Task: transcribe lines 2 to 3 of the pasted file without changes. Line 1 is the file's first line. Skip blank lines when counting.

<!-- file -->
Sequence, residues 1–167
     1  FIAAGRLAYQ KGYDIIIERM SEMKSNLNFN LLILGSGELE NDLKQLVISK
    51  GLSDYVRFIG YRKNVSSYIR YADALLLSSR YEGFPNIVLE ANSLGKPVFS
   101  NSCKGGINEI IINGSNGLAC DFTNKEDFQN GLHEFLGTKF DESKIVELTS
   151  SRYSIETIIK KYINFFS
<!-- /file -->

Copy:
     1  FIAAGRLAYQ KGYDIIIERM SEMKSNLNFN LLILGSGELE NDLKQLVISK
    51  GLSDYVRFIG YRKNVSSYIR YADALLLSSR YEGFPNIVLE ANSLGKPVFS